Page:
When fashion pays such a beautiful homage to cinema, I can only rejoice and try to delve deeper into the inspiration that led to the creation of a memorable collection, such as Max Mara’s fall 2015 line, which celebrates the classic chic, beauty and intelligence of Marilyn Monroe. Two icons of the two worlds, and I can not think of a better pairing. In a sea of androgynous silhouettes and collections, and of disturbing comments approving of a new genderless aesthetic, it’s refreshing and reassuring to see a celebration of the female form.
The Italian fashion house turned to George Barris’ famous 1962 Santa Monica beach photographs of the actress, the luminous colours and casual approach, accentuated by the show’s mise-en-scene, recalling the seaside landscape and its soft hues. It was especially this photo above, of Marilyn wearing a Norwegian cardigan, and wrapped in a camel blanket, that served as the essential source of inspiration. The cardigan was meticulously recreated and the blanket was used to produce some incredibly beautiful signature camel wool coats once again, worn “seductively with the allure of beach wraps”. It is about imagining a wardrobe “as light and soft” as the blanket Monroe wrapped up in and “as comforting and familiar” as the cardigan she wore.
Shoes also came in studious tasseled loafers, a nod to another side of Marilyn. Above, a rare photo of Marilyn wearing loafers, and also a backpack, a clear inspiration for the accessory seen on the Max Mara runway.
The collection however takes on a vaster perspective, evoking Marilyn’s glamour and attractive power, as well as her casual evenings devoted to UCLA classes and reading. Sheath dresses, pencil skirts, body-hugging sweatshirts, bomber jackets, overcoats and high heeled pumps, as well as loafers, and Marilyn’s “me time” menswear classics – because, despite her predilection for skimpy clothing, she also embraced wearing men’s shirts and jeans, for example, off set – are reinvented in camel hair, cashmere, tweeds, alpaca and quilted silk, in oversized or shrunken silhouettes.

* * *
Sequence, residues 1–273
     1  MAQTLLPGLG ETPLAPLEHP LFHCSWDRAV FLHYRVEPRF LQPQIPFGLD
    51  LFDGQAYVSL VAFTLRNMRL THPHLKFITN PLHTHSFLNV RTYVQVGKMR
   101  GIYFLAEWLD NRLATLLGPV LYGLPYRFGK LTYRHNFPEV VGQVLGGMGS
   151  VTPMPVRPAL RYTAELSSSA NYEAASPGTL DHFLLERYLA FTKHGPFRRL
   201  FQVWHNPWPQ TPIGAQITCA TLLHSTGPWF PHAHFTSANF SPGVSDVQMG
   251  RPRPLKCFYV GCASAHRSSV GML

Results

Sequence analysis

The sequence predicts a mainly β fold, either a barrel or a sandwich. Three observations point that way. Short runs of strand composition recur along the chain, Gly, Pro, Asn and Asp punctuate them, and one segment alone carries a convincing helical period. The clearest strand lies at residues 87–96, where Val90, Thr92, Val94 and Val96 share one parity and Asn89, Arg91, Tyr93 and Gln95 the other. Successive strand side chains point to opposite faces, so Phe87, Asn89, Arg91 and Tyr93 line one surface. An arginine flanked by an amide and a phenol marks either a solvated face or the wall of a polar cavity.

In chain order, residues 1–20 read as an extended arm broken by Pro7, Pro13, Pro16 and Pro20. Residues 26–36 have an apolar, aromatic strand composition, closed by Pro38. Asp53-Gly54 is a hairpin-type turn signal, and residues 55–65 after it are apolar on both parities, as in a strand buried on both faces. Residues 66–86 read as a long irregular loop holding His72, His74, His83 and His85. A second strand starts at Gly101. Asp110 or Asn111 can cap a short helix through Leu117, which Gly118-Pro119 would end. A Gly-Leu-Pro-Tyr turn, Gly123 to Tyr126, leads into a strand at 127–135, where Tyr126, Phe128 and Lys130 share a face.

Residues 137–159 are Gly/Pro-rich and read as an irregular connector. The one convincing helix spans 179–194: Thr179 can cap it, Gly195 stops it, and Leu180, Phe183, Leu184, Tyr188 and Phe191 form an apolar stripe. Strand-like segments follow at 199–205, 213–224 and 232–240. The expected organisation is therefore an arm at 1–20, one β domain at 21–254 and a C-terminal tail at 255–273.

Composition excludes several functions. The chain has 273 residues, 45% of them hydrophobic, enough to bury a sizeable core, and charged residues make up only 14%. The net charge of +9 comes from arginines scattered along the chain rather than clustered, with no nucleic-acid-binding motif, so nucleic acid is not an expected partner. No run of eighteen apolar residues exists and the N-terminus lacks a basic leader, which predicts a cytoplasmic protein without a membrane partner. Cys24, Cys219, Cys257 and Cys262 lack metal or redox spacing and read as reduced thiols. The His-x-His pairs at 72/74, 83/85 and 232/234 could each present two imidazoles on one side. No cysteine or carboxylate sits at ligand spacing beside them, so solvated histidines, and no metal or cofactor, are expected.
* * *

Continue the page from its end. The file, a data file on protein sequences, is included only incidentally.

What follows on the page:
Far more than a beautiful and provocative actress, Marilyn Monroe was part of the twentieth century culture, and far more sensitive and intelligent than Hollywood wanted us to believe. Why so many chose not to see beyond her appearance, I could never comprehend. Her electrifying personality drew the crowds to theaters and she wielded an extraordinary uninhibited appeal in front of the camera. More than half a century after her death, her legacy continues to endure.
Marilyn loved furs. Above, in a sable, a gift from Joe DiMaggio, in 1953. Underneath she is said to have been nude. The hints of luxurious details, like the fur on these sleeves or the silky quilting on skirts and bomber style jackets, are reminiscent of the 50′s glamour.